EDITOR’S NOTE: The Volante news section features a profile on an award-winning USD faculty member.
Gene Thin Elk is the director of Native Student Services for the University of South Dakota, and was named a recipient of the Dr. George Blue Spruce Jr. Award, presented by Pathways Into Health at the 2012 Achieving Excellence, Harmony and Balance Conference in Rapid City, S.D., this fall.
Thin Elk has been recognized nationally and internationally for his leadership in the field of Native American drug and alcohol rehabilitation, wellness and cross-cultural training. He has been featured in several publications, such as Time Magazine’s Top 100 People of the Year and Newsweek’s New American Heroes.
Christian Hansen: Where are you from, originally?
Gene Thin Elk: I’m originally from a town called White River, S.D.
CH: How long have you been working at the University of South Dakota?
GTE: Next month will be 26 years.
CH: That’s a long time, do you enjoy working here, then?
GTE: Oh, I love it. I just love the collegiate environment, partly because it’s full of different challenges, but mostly because you get to meet a whole bunch of really neat people. I get to watch a lot students, you know, matriculate and graduate four or five years later. It’s always new, it’s exciting.
CH: What is the most difficult part of your job?
GTE: Limited funding. Like everybody else, we are barely surviving on a small budget and we try going out and getting funds. But even nationwide, a lot of the funds are drying up.
CH: What specifically do you do here?
GTE: I’m the director of Native Student Services.
CH: What can you do for Native American students?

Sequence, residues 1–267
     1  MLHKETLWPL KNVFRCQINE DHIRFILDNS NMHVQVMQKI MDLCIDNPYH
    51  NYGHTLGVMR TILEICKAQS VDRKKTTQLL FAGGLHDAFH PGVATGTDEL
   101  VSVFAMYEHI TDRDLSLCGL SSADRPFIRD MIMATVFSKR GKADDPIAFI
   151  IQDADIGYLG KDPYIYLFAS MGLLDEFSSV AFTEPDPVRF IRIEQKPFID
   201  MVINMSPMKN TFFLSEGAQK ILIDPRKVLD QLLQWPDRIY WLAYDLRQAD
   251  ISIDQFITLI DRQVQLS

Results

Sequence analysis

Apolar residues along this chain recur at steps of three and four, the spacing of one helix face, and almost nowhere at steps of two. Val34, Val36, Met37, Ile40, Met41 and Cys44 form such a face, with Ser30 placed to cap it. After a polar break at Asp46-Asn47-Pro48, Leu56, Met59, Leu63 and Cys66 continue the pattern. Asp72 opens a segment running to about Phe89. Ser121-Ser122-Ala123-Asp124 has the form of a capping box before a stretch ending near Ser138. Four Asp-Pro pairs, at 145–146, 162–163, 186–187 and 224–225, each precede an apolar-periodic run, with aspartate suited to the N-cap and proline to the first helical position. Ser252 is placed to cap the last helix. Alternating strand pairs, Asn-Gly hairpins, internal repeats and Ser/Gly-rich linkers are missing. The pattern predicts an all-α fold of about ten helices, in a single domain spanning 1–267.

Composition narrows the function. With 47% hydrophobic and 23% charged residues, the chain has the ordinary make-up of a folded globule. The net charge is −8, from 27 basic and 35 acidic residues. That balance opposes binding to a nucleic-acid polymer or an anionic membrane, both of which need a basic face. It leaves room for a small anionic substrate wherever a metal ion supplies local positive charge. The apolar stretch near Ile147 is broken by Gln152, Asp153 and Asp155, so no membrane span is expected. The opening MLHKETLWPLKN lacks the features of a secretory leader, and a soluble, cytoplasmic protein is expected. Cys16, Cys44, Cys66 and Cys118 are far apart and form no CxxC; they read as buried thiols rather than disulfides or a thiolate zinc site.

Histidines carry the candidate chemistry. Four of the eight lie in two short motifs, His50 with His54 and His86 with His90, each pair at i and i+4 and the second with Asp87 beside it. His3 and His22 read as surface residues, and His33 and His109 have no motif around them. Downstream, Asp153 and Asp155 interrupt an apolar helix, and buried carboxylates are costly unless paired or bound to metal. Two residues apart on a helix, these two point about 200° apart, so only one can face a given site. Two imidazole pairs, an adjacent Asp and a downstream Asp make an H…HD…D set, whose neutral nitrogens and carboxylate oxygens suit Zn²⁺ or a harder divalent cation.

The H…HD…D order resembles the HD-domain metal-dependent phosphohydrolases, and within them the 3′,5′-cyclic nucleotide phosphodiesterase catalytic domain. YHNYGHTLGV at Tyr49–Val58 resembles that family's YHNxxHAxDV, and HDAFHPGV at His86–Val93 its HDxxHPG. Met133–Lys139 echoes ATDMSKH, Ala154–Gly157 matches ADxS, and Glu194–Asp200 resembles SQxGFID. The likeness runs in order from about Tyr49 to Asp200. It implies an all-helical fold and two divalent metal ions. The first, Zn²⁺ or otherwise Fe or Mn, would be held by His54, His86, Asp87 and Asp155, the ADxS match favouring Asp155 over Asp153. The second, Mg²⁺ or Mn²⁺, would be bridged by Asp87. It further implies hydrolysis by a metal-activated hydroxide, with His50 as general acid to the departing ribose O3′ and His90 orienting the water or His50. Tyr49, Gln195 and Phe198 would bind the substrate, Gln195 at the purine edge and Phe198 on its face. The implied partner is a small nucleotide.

GTE: Basically, we work on building a really strong retention program for our native students, giving them a really strong support system, study tables and a lot of different activities. We also assist admissions and recruitment.
CH: You do some work off campus, can you tell me more about that?
GTE: Basically, our off campus activities include an incentive trip. Our students go to visit the Twin Cities and the Shakopee Tribe in Minnesota. They’re in a multimillion dollar industry, and our students get to look at a highly successful tribal nation. It’s something that you hear about, but when you actually see it, it’s like, wow. Then our students go “You know, why can’t we do this at home?” So it’s a really positive experience. But that’s an incentive trip for our students who do well.
CH: You recently won the Dr. George Blue Spruce Award, so can you tell me about that particular honor?
GTE: I was really, extremely honored to win that award, especially because I actually got to meet Dr. Blue Spruce, who was the first Native American dentist in the United States, and also an assistant Attorney General, and a very successful Native American leader. It was an extreme honor to win an award named after him. I was really grateful to win that, and just to meet him and talk to him.
CH: What did you receive it for?
GTE: Just, you know, providing innovative youth services and leadership.
CH: Is there any formative experience that shaped your views in your work?
GTE: Just seeing our elders and the way they lived. The way they did things and expected no recognition, and also being a native person and wanting to fulfill our tribal commitments, traditions and values.